(James Molesworth – The Wine Spectator – Mar 2011)

The Producer

Cos d'Estournel

Cos d'Estournel

Château Cos d`Estournel is named after its 19th century owner, Louis-Gaspard d'Estournel, and it was he who built the bizarre oriental edifice that is a landmark for any tourist in the Médoc. Today Cos d'Estournel is without doubt the leading estate in St-Estéphe. It is located in the south of the appellation on the border with Pauillac and its vineyards are superbly sited on a south-facing gravel ridge with a high clay content, just north of Lafite.

Cos d'Estournel is typically a blend of 60% Cabernet Sauvignon, 38% Merlot and 2% Cabernet Franc - do not be fooled by the relatively high Merlot content, as these are full-bodied, dark, brooding tannic wines when young which develop a complexity and intensity that can rival many top growths from Pauillac.

In 1998 the Prats family sold Cos d'Estournel to The Tailan Group. Cos d'Estournel is classified as a 2ème Cru Classé.

The Grape

Cab.Sauvignon Blend

Cab.Sauvignon Blend

Cabernet Sauvignon lends itself particularly well in blends with Merlot. This is actually the archetypal Bordeaux blend, though in different proportions in the sub-regions and sometimes topped up with Cabernet Franc, Malbec, and Petit Verdot.

In the Médoc and Graves the percentage of Cabernet Sauvignon in the blend can range from 95% (Mouton-Rothschild) to as low as 40%. It is particularly suited to the dry, warm, free- draining, gravel-rich soils and is responsible for the redolent cassis characteristics as well as the depth of colour, tannic structure and pronounced acidity of Médoc wines. However 100% Cabernet Sauvignon wines can be slightly hollow-tasting in the middle palate and Merlot with its generous, fleshy fruit flavours acts as a perfect foil by filling in this cavity.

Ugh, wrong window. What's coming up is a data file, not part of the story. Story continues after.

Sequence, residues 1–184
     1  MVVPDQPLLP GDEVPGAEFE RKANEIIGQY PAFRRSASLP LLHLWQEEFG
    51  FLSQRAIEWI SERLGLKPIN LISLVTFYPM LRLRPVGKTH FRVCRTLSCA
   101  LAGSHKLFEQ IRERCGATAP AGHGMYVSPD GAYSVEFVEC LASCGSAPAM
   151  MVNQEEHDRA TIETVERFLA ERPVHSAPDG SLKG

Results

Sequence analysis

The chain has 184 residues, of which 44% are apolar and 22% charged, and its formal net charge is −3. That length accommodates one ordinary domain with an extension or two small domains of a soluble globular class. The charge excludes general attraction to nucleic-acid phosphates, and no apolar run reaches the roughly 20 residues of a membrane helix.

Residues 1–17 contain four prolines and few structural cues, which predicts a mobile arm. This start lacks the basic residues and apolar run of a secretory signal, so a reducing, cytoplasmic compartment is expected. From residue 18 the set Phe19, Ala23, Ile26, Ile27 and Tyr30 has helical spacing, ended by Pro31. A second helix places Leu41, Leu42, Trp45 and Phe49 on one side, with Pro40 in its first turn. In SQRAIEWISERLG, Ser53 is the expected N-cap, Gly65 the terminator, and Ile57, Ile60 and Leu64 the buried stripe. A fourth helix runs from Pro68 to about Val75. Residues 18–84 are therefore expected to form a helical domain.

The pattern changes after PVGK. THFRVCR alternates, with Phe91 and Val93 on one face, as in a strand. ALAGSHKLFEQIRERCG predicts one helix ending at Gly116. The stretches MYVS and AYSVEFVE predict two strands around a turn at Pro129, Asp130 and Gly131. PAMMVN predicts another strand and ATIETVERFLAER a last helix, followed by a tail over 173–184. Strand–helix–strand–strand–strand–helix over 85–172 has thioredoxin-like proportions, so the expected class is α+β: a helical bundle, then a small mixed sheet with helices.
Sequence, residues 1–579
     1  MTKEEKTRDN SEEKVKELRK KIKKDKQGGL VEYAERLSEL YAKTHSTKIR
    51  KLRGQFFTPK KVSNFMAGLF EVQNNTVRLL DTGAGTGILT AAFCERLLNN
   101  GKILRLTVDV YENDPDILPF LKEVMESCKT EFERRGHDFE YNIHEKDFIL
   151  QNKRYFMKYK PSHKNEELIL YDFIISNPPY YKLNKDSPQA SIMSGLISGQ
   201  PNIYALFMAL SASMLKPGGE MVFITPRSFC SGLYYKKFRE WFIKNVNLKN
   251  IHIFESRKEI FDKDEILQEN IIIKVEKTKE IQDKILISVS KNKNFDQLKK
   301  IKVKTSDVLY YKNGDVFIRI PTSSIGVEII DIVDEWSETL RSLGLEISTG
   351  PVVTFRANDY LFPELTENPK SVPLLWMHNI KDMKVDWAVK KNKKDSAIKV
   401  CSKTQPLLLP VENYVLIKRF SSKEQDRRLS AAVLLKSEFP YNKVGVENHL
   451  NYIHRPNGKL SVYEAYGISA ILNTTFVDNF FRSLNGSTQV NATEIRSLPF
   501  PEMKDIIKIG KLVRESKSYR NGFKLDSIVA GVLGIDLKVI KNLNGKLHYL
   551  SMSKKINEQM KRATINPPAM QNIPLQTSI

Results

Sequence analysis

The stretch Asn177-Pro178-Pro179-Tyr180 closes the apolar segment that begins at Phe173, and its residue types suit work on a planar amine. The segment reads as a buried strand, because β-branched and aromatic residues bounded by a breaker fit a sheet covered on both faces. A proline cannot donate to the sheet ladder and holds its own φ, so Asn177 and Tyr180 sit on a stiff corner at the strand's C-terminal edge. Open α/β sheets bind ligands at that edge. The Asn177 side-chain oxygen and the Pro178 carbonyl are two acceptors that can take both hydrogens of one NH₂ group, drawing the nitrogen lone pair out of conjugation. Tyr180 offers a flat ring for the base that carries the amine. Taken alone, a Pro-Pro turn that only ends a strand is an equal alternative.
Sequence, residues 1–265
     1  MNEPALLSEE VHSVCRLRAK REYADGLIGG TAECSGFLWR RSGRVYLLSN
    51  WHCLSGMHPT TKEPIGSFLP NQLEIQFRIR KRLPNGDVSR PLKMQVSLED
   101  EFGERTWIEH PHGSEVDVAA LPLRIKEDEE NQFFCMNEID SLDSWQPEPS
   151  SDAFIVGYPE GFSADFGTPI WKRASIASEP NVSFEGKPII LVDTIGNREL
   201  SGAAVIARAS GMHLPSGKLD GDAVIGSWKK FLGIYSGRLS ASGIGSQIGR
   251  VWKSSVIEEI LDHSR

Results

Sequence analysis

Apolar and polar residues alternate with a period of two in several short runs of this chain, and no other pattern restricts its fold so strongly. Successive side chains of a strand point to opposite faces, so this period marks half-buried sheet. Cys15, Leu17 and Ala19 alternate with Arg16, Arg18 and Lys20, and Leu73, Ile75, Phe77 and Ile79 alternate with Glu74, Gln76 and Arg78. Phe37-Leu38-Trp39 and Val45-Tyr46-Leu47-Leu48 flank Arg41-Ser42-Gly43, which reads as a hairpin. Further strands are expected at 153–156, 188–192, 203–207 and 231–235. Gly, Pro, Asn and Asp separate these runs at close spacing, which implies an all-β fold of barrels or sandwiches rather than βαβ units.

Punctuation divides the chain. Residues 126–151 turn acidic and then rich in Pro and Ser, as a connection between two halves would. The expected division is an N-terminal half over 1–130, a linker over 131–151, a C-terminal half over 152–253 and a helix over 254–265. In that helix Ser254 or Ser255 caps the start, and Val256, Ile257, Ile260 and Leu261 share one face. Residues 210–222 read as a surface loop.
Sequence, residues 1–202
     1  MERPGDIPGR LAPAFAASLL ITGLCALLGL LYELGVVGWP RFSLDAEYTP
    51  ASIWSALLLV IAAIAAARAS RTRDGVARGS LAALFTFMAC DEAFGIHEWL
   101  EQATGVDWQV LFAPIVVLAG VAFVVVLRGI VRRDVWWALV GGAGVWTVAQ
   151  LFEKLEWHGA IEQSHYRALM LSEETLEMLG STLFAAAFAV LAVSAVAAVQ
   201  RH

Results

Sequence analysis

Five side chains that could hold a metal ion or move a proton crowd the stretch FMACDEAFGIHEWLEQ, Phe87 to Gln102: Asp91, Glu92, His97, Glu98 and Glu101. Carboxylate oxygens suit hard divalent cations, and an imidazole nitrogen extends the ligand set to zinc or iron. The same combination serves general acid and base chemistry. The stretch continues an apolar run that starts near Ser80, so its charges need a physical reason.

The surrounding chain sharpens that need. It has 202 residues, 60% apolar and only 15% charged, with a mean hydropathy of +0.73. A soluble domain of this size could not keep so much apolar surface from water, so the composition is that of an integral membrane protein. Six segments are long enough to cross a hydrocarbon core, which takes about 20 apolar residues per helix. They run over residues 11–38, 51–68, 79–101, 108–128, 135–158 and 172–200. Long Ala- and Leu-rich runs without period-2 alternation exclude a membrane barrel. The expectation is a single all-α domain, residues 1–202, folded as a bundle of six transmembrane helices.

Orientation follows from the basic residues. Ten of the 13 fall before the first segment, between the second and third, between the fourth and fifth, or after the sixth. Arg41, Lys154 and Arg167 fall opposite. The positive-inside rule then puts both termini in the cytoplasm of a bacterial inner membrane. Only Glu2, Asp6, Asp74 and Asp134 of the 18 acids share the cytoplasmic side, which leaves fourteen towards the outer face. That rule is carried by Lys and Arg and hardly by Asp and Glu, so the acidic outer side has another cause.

In St-Emilion and Pomerol, the blends are Merlot dominated as Cabernet Sauvignon can struggle to ripen there - when it is included, it adds structure and body to the wine. Sassicaia is the most famous Bordeaux blend in Italy and has spawned many imitations, whereby the blend is now firmly established in the New World and particularly in California and  Australia.

The Region

St Estephe

St Estephe

St Estèphe is the northernmost of the most important communes of the Médoc and borders Pauillac on its southernmost border, with only a gully and stream separates it from Ch. Lafite. To the north lies the Bas-Médoc.

St Estèphe is defined by the depth of its gravel, which is ubiquitous but of varying depths and occasionally very shallow, when clay predominates. This keeps the soil cooler and wetter than its counterparts so that the wines can appear fresh in lighter vintages, but superbly successful in hot, dry years. 

The best châteaux in the south of the commune have the deepest soil and the thickest gravel. Cos d'Estournel has an exceptional terroir with its vineyards being located on a south-facing ridge of gravel with excellent drainage. 

St Estèphe is the least gravelly of main Médoc communes and in the north of the commune the vineyards are heavier and more clay-based leading to a rustic style of wine being produced.

The wines can appear austere in youth with a discernable ferric note at some châteaux, but the best typically display good depth of colour, pronounced acidity an tannins in youth and are exceptionally long-lived. At their best, they are the equal of almost any Bordeaux. The well-regarded St Estèphe co-operative controls the production of about half the appellation.

Recommended Châteaux
Cos (Ch. Cos d'Estournel), Ch. Montrose, Ch. Calon-Ségur, Ch. Lafon-Rochet, Ch. Les Ormes de Pez, Ch. Beau-Site, Ch. Cos Labory, Ch. Phélan-Ségur